MathWorks MATLAB 7.9 R2009b (Windows) __FULL__

MathWorks MATLAB 7.9 R2009b (Windows) ===== __https://urlin.us/2tzhaL__

What's New in MathWorks MATLAB 7.9 R2009b (Windows)

MathWorks MATLAB is a powerful software for numerical computing, data analysis, and visualization. It combines a desktop environment tuned for iterative analysis and design processes with a programming language that expresses matrix and array mathematics directly. It also includes the Live Editor for creating scripts that combine code, output, and formatted text in an executable notebook.

In this article, we will review some of the new features and enhancements in MathWorks MATLAB 7.9 R2009b (Windows), which was released in September 2009. Some of the highlights are:

New parallel computing capabilities that let you run multiple MATLAB sessions on a single machine or distribute computations across a cluster of machines.

New optimization and statistics functions that support large-scale data analysis and machine learning.

New graphics features that let you create interactive plots, customize axes and legends, and export figures to various formats.

New interface for importing and exporting data from Excel, text, binary, and HDF5 files.

New tools for debugging, profiling, testing, and documenting your MATLAB code.

New support for 64-bit Windows operating systems that let you access more memory and handle larger data sets.

For more information about MathWorks MATLAB 7.9 R2009b (Windows), please visit https://www.mathworks.com/products/matlab.html.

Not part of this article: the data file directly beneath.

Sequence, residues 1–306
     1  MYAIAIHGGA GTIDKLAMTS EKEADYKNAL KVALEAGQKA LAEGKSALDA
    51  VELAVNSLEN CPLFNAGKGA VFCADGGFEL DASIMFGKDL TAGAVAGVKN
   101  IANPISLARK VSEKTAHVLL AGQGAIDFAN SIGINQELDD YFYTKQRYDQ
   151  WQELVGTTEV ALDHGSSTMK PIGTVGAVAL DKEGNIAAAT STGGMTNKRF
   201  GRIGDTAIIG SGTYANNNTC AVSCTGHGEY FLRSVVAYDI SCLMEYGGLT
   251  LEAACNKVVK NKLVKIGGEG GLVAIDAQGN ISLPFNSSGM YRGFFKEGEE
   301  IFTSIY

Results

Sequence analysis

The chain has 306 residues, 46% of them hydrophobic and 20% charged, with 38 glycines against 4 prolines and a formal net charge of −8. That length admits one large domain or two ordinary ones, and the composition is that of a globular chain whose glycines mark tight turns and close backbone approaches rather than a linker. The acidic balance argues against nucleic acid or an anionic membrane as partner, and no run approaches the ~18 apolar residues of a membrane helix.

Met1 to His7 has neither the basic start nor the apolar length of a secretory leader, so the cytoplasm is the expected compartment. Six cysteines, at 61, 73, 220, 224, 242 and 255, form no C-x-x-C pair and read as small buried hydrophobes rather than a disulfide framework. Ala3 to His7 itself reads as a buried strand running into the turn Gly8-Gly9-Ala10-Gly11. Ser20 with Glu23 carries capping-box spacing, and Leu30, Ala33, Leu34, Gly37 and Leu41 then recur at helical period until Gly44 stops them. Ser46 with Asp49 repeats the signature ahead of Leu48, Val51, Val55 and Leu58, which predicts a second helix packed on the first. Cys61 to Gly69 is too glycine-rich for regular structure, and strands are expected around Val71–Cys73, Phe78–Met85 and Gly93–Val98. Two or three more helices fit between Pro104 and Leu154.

Example of Using Parallel Computing in MATLAB

One of the new features in MathWorks MATLAB 7.9 R2009b (Windows) is the ability to use parallel computing capabilities to run multiple MATLAB sessions on a single machine or distribute computations across a cluster of machines. This can speed up your applications and enable you to solve larger and more complex problems.

In this example, we will use the parallel for loop (parfor) to perform a parameter sweep in parallel and plot progress during parallel computations. The parfor loop is a high-level construct that lets you run independent iterations of a for loop in parallel on multicore CPUs, GPUs, or clusters. The parfor loop automates the creation of parallel pools and manages file dependencies, so that you can focus on your work.

We will use the following code to perform a parameter sweep over different values of n and calculate the sum of n random numbers:

numIters = 100;

results = zeros(numIters,1);

tic;

parfor i = 1:numIters

n = 1000*i;

results(i) = sum(rand(n,1));

end

toc;

The code uses the tic and toc functions to measure the elapsed time of the parfor loop. We can compare the performance of the parfor loop with the regular for loop by changing the parfor keyword to for.

To plot the progress of the parfor loop, we can use the fplot function inside the loop body. The fplot function creates an interactive plot that updates as new data points are added. We can also use the drawnow function to force MATLAB to update the plot immediately after each iteration.

numIters = 100;

results = zeros(numIters,1);

tic;

parfor i = 1:numIters

n = 1000*i;

results(i) = sum(rand(n,1));

fplot(@(x) results(i),[0 numIters]);

drawnow;

end

toc;

The plot shows the value of results(i) as a function of i. We can see that the parfor loop runs faster than the for loop and produces similar results. 061ffe29dd